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Christian Theodore Pedersen first came to the Arctic as part of the crew of a whaling ship that wintered at Herschel Island in 1894/95. After this initial experience he continued in the whaling industry in different capacities, eventually commanding the whaling schooner Challenge, that wintered at Point Barrow, Alaska in 1908-09.

After the collapse of the whalebone market, which began in 1906, Pedersen continued to work as a ships captain engaged in the fur trade along the coast of Alaska. Pedersen made his first attempt to go into business for himself in 1912 when he purchased a schooner that he named Elvira. Unfortunately Elvira was crushed in ice in her second season of whaling and trading along the coast of Alaska. It was at this time that Pedersen began a long professional relationship with George Washington Porter, a man of European and Inupiat descent who served as a deck hand on the Elvira. Porter would later play a key role in Pedersen’s Canalaska business in the Kitikmeot.



C.T. Pedersen (Northwest Territories Arc

C.T. Pedersen (Northwest Territories Archives / N-1986-002-0066)

Northern Whaling and Trading Co Invoice

Pedersen returned to the western Canadian Arctic in 1914 when he was hired by the H. Liebes Company of San Franscisco to command their supply ship Herman to resupply their trading posts in Alaska and to conduct whaling and trading voyages in the Beaufort Sea. He continued coming north in the open water season, and whaling and trading in the western Arctic as the captain of the Herman until 1922. 

As captain of the Herman, Pedersen developed a reputation among Inuit and Euro-Canadian residents of the north as an honest and reliable trader who provided goods at a reasonable price. This reputation served him well when he resigned from the H. Liebes Company in 1923 over a salary dispute, and he embarked upon his own trading voyage in his new motor schooner Nanuk. He was so successful that he drove his old employers out of the western Arctic and his new company the Northern Whaling and Trading Company was born.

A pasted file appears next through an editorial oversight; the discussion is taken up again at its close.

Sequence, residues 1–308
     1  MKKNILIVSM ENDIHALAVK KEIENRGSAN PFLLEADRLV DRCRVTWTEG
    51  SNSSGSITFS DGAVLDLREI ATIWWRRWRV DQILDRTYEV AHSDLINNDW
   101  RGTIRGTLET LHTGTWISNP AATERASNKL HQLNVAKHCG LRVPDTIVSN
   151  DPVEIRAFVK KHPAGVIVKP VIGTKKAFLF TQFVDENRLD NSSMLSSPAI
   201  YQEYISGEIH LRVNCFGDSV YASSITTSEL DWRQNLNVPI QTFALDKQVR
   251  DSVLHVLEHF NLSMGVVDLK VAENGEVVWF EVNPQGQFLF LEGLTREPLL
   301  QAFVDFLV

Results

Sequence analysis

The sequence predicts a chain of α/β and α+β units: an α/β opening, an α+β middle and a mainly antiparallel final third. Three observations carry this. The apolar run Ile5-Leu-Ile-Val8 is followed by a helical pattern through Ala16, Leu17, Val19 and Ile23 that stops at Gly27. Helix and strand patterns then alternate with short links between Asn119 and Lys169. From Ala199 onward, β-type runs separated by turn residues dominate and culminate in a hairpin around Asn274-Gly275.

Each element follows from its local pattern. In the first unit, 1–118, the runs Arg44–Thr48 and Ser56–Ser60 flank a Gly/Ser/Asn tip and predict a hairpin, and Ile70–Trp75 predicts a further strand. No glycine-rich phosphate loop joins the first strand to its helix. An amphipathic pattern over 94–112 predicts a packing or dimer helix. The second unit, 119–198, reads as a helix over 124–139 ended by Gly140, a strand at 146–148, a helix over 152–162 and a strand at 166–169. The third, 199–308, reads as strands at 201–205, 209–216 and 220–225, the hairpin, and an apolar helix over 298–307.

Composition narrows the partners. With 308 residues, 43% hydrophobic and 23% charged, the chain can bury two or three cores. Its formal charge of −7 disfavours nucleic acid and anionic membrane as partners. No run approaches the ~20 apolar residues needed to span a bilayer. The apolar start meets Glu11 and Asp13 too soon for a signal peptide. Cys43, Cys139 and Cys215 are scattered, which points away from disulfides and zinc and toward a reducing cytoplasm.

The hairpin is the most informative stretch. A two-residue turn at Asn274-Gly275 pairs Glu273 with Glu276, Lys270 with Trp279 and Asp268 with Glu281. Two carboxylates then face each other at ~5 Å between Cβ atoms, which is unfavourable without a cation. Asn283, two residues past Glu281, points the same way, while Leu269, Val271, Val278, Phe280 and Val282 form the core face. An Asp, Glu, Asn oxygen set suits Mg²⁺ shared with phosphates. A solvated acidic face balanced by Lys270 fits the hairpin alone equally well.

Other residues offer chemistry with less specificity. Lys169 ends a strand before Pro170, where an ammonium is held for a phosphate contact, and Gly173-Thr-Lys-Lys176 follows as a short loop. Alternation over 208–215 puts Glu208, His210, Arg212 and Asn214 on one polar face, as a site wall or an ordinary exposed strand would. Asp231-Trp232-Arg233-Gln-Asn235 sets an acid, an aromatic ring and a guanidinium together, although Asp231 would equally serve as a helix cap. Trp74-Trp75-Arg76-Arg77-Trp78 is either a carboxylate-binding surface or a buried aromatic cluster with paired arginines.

Shortly after establishing his new business the Canadian government invoked an existing regulation that prohibited coastal trade by foreign ships. Before this legislation was acted upon, Pedersen would sail along the Beaufort Sea coast and make a number of stops to trade as far east as Baillie Island. He now had to land his goods at Herschel and pay duty on them. In order to comply with these new conditions Pedersen built a bonded customs warehouse at Herschel Island in 1924 and a trading post in 1925. To continue his Canadian trade practices, he formed a Canadian subsidiary of the Northern Whaling and Trading Company - the Canalaska Trading Company - with Vancouver business interests. Canalaska took delivery of goods at Herschel and conducted the coastal trade from the smaller overwintering schooners Nigalik and Emma that were under Canadian registry.

Canalaska_gas_schooner Emma._Cambridge_

Canalaska gas schooner Emma. Cambridge Bay, September 1929. (L.T. Burwash / Library and Archives Canada /PA 99650)

Canalaska_Trading_post_with_company's t

Canalaska Trading post with company's trading schooner Nigalik in front. Cambridge Bay, 1931. (Library and Archives Canada / PA 100686).

By 1925 Pedersen’s business was so successful that he had to replace the 261-ton Nanuk with the 580-ton former Coast Survey vessel Patterson. He had two small schooners, the Nigalik and Emma and established trading posts as far east as Gjoa Haven on King William Island. There his agent, George Washington Porter, Jr., received furs from as far east as Somerset Island in the eastern Arctic. The Nigalik and Emma met the Patterson at Herschel Island annually to exchange furs and trade goods.

Canalaska was a successful fur trading business, competing head to head with the HBC. Unfortunately there was a decline in trading activity along the arctic coast after the beginning of the Great Depression in 1930. At this time the HBC continued to expand and relocate its posts. Pedersen failed to persuade his partners in Canalaska to expand to meet the challenge, and had to recommend that the company be sold to the HBC. Canalaska was sold to the HBC in 1936. Its stock was bought by the HBC at locations where they had competing posts, and the schooner Nigalik was purchased for $10,000. Canalaska discontinued operations in the Kitikmeot in 1938.

Patterson in_shipyard_at_Oakland,_Calif

Patterson in shipyard at Oakland, California almost ready to sail for Herschel Island. (Library and Archives Canada / C 26527)

(Northwest Territories Archives N-1987-0
C.H. CLarke, Manager Canalaska Co., Camb
On_deck_Canalaska_Co._schooner Emma. L
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